AdoptionEditor's Pick

Arkansas court strikes down law barring adoptions by openly gay parents

The Arkansas Supreme Court rejected a voter-approved initiative that barred gay couples and other unmarried people living together from serving as adoptive or foster parents. Associate Justice Robert L. Brown wrote for the court that the law would encroach on adults’ right to privacy in the bedroom.

“Act 1 directly and substantially burdens the privacy rights of ‘opposite-sex and same-sex individuals’ who engage in private, consensual sexual conduct in the bedroom by foreclosing their eligibility to foster or adopt children,” Brown wrote.

The law, which was never enforced, would have effectively banned gay and lesbian couples from adopting or fostering children because they can’t legally marry in Arkansas. It also would have been extended to unmarried heterosexual couples who live together.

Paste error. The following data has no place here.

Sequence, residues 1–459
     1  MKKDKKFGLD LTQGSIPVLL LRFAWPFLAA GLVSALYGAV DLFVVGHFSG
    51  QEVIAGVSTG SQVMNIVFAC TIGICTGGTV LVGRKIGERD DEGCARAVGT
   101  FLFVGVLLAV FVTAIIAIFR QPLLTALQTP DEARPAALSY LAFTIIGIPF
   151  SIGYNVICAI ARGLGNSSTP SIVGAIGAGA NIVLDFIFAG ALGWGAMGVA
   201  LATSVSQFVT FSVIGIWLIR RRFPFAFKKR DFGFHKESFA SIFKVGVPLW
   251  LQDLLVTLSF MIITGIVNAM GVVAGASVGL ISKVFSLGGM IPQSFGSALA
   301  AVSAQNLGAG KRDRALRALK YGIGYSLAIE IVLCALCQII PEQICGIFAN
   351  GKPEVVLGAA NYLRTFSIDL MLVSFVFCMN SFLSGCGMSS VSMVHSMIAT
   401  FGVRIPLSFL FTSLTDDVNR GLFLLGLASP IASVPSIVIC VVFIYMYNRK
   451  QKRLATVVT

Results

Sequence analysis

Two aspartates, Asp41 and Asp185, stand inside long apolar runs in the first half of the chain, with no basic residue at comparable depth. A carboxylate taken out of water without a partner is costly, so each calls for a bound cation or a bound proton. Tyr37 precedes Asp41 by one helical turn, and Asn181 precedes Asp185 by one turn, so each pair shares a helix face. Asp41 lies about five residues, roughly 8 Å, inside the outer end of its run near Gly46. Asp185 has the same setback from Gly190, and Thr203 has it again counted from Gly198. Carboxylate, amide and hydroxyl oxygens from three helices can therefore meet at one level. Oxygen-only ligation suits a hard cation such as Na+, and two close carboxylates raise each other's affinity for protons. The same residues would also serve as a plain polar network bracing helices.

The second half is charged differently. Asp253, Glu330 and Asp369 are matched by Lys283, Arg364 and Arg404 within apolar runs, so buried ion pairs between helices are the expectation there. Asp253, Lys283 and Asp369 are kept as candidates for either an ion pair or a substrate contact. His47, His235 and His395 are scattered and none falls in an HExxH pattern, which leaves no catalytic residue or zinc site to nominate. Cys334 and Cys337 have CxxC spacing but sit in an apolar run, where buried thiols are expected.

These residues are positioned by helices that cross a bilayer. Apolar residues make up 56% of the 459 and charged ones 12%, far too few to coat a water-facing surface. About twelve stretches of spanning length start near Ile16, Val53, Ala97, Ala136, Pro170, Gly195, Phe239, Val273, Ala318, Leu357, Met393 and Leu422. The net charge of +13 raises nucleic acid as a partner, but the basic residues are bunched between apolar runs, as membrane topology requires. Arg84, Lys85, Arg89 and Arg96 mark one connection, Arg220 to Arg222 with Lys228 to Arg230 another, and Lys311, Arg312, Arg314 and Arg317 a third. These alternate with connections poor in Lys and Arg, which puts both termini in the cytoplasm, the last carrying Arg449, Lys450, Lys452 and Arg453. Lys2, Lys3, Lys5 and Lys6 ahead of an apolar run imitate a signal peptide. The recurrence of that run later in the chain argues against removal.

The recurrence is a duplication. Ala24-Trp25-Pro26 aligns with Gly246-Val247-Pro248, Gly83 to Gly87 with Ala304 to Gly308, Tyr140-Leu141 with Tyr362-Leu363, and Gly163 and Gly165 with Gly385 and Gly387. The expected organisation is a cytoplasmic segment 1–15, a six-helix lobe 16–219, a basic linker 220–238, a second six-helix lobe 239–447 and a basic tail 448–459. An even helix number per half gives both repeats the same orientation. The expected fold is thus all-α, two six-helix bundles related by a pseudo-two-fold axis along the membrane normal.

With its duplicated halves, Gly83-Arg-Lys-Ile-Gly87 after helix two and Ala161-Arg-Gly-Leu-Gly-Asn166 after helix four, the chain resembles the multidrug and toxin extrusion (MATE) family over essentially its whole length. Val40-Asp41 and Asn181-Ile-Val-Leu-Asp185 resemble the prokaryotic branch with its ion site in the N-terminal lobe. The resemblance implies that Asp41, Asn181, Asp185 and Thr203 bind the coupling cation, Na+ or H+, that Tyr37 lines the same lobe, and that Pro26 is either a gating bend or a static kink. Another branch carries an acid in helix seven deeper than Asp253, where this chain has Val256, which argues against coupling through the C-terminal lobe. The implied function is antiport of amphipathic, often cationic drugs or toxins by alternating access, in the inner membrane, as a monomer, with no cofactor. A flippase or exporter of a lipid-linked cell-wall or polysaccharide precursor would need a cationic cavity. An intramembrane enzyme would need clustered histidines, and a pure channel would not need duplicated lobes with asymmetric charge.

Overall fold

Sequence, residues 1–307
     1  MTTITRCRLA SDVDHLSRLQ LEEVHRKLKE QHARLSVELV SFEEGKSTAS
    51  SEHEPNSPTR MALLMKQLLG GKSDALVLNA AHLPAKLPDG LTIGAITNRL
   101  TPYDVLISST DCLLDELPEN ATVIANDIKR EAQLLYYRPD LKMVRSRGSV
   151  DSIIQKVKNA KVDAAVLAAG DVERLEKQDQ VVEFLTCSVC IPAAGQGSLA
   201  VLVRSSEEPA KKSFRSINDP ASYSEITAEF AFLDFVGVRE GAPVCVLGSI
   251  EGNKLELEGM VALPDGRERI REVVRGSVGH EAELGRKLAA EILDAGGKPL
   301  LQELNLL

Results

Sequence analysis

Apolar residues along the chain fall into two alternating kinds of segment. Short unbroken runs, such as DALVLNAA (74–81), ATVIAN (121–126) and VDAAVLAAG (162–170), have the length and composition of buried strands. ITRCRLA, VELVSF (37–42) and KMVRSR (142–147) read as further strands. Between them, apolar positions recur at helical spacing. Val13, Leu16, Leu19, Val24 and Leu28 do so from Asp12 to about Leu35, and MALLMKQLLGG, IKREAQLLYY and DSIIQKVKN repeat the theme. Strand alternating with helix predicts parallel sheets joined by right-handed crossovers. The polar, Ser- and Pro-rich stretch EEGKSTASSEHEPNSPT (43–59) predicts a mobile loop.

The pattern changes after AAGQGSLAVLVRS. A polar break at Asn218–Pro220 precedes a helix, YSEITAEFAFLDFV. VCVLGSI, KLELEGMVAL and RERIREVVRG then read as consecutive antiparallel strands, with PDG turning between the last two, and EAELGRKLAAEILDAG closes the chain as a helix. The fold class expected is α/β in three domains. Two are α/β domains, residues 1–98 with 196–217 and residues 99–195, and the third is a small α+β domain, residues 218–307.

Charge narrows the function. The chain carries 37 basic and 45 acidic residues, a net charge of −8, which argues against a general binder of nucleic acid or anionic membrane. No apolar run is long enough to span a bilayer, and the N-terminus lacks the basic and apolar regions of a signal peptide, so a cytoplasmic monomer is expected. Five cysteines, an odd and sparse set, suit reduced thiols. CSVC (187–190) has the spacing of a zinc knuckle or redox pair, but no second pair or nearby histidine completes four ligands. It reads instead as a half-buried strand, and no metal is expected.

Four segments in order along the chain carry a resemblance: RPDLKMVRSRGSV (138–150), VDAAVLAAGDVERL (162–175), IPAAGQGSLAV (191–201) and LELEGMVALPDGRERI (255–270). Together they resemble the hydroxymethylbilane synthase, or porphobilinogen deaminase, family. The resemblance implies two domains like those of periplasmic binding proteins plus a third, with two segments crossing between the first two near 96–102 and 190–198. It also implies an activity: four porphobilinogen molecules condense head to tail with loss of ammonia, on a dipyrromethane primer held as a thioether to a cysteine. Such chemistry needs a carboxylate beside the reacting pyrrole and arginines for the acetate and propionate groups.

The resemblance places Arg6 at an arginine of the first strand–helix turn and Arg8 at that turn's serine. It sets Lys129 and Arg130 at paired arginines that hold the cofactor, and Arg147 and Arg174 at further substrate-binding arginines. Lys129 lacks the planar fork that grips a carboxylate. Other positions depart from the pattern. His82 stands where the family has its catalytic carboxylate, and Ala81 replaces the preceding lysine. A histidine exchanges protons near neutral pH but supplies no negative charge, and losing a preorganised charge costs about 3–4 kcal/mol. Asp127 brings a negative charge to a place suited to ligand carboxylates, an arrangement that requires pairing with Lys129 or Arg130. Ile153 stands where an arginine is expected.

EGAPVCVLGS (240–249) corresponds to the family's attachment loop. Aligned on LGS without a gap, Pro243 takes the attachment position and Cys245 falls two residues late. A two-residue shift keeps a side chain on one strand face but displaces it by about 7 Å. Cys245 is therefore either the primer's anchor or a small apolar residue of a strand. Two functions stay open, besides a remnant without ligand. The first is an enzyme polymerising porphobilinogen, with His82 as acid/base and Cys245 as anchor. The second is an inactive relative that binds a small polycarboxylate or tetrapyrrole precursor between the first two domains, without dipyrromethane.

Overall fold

Voters approved the measure in 2008 after the state Supreme Court overturned a Human Services Department policy preventing gay men and lesbians from serving as foster parents in 2006.

The American Civil Liberties Union sued on behalf of a group of families, arguing that the law arbitrarily bans qualified families from consideration when the state has too few foster and adoptive families. It said it knew of 29 people from a dozen families who claimed the law would have an impact on them.

[via MiamiHerald.com]